Once done, it's not necessarily easy to then withdraw such break notice.
Even if the other party does agree, then there may be legal points about whether a whole new lease needs to be agreed then anyway.
The final part is to then look at the conditions and requirements in the break option, which may state things like payment of all due rent and monies. Also, ensure the property is empty and what they call ‘vacant possession', and ensure that it is fully in repair and any alterations removed by the tenant.
In short, when you look at whether a landlord or tenant can use a break option clause, and how long it is for or how effective it is, then it will boil down to what the clause states in the lease.
How Do You Use a Break Option Clause?
You first need to ask whether you need a break option clause actually inserted and why you should have one. They basically offer flexibility, maybe for a tenant who needs to relocate or change things before the end of the lease or a landlord who may have wider redevelopment plans for the property.
In terms of whether you need a break option clause, then, not necessarily. However, they can offer helpful flexibility.
So rather than commit to say a straight three-year lease, then maybe both parties could agree on a six-year lease with a break option after the third year to give that flexibility; but then not to have the complications of renewing the lease again in three years.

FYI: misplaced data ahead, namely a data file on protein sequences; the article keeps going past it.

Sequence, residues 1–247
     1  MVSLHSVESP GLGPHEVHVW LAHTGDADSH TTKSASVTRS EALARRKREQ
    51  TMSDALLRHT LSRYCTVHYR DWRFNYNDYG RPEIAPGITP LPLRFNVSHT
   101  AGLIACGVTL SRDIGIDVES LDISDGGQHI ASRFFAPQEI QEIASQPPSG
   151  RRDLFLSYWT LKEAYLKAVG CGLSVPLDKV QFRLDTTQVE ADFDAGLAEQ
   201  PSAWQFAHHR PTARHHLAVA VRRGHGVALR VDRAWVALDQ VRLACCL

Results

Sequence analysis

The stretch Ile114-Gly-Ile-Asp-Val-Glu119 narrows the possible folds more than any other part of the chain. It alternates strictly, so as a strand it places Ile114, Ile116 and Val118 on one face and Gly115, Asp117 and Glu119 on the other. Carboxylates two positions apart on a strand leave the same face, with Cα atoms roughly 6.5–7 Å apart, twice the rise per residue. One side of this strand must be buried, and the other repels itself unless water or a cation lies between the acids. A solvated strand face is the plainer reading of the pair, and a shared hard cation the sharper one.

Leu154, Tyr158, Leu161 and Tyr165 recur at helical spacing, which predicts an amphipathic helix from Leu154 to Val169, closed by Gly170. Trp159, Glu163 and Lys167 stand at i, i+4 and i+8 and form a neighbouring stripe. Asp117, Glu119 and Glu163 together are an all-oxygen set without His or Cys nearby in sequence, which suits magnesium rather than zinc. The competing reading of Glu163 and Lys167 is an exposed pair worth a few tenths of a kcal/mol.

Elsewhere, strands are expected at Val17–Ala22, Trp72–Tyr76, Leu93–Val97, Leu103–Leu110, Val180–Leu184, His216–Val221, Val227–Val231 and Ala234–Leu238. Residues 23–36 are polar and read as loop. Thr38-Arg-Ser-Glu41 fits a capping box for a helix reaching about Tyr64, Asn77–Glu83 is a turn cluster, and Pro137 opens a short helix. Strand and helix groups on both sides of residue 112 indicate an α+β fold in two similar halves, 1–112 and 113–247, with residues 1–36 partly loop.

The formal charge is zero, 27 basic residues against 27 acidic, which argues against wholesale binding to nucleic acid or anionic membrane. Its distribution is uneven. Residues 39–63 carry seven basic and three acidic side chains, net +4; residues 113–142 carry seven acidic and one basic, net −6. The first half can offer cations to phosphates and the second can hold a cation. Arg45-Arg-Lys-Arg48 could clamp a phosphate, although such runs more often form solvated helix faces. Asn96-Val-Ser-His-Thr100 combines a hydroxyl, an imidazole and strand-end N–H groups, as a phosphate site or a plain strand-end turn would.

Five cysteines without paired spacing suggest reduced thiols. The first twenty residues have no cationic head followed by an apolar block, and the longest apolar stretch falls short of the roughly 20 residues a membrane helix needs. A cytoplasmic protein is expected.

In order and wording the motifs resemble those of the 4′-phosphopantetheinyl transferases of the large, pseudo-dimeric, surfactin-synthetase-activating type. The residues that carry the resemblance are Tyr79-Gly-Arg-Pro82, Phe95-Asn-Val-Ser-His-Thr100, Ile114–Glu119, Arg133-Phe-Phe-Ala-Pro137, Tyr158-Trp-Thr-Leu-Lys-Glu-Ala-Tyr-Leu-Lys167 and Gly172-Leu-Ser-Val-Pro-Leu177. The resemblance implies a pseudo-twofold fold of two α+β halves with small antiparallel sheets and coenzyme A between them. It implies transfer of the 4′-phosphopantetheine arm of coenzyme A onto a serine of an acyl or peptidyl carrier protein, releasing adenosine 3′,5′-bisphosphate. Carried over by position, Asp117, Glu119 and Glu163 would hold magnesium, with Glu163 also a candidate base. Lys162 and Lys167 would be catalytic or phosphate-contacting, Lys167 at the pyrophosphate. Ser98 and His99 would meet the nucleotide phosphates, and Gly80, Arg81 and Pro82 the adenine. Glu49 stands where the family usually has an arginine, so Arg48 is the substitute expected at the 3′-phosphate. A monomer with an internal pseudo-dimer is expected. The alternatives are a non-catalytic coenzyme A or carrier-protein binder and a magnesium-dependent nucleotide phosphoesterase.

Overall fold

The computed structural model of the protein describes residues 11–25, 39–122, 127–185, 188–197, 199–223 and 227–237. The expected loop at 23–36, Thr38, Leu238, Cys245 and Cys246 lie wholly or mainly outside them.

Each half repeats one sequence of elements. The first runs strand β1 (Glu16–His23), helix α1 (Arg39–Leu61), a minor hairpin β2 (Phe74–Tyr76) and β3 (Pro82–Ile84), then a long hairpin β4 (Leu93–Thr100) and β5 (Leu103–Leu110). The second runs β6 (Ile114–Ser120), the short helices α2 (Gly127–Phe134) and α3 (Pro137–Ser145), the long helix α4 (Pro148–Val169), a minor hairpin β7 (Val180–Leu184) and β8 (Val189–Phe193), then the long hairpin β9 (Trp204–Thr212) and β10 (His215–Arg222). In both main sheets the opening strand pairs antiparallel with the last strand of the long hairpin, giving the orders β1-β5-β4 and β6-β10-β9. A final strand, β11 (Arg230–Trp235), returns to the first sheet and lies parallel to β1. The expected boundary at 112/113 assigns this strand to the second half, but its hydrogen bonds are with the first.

You also need to ensure they correctly link with other issues in the lease. For example, if there was a due rent review at the time, which would determine future plans, and maybe other options such as being able to buy the landlord's freehold.
With increasingly uncertain times from issues like the Covid-19 pandemic, they will become more popular to have in lease options with such break option clauses having certain triggers, such as reduced turnover for tenants or breaches of the lease.
How to Write a Break Clause in a Tenancy Agreement Before the Actual Lease is Drawn Up
They should be referred to in any initial heads of terms, which is basically a summary of the main points of a new lease agreement.
This should give all the detail like above, such as notice periods, dates, and conditions of the break option clauses. A good solicitor should have a commercial contract lease example that can be utilised. However, it's essential to make sure these are correctly drafted and reflect the reality of the situation.
Unfortunately, these clauses can be very strictly interpreted so that one small failure can invalidate the whole break, and a tenant or landlord is left with a longer lease than they wanted.
To Break or Not to Break
When looking at a break option or clause in a lease – after for commercial property – the key is to check the actual wording in the lease.
They’re often taken very literally, therefore, make sure details such as dates and notice periods, and conditions to exercise, are correctly documented and implemented.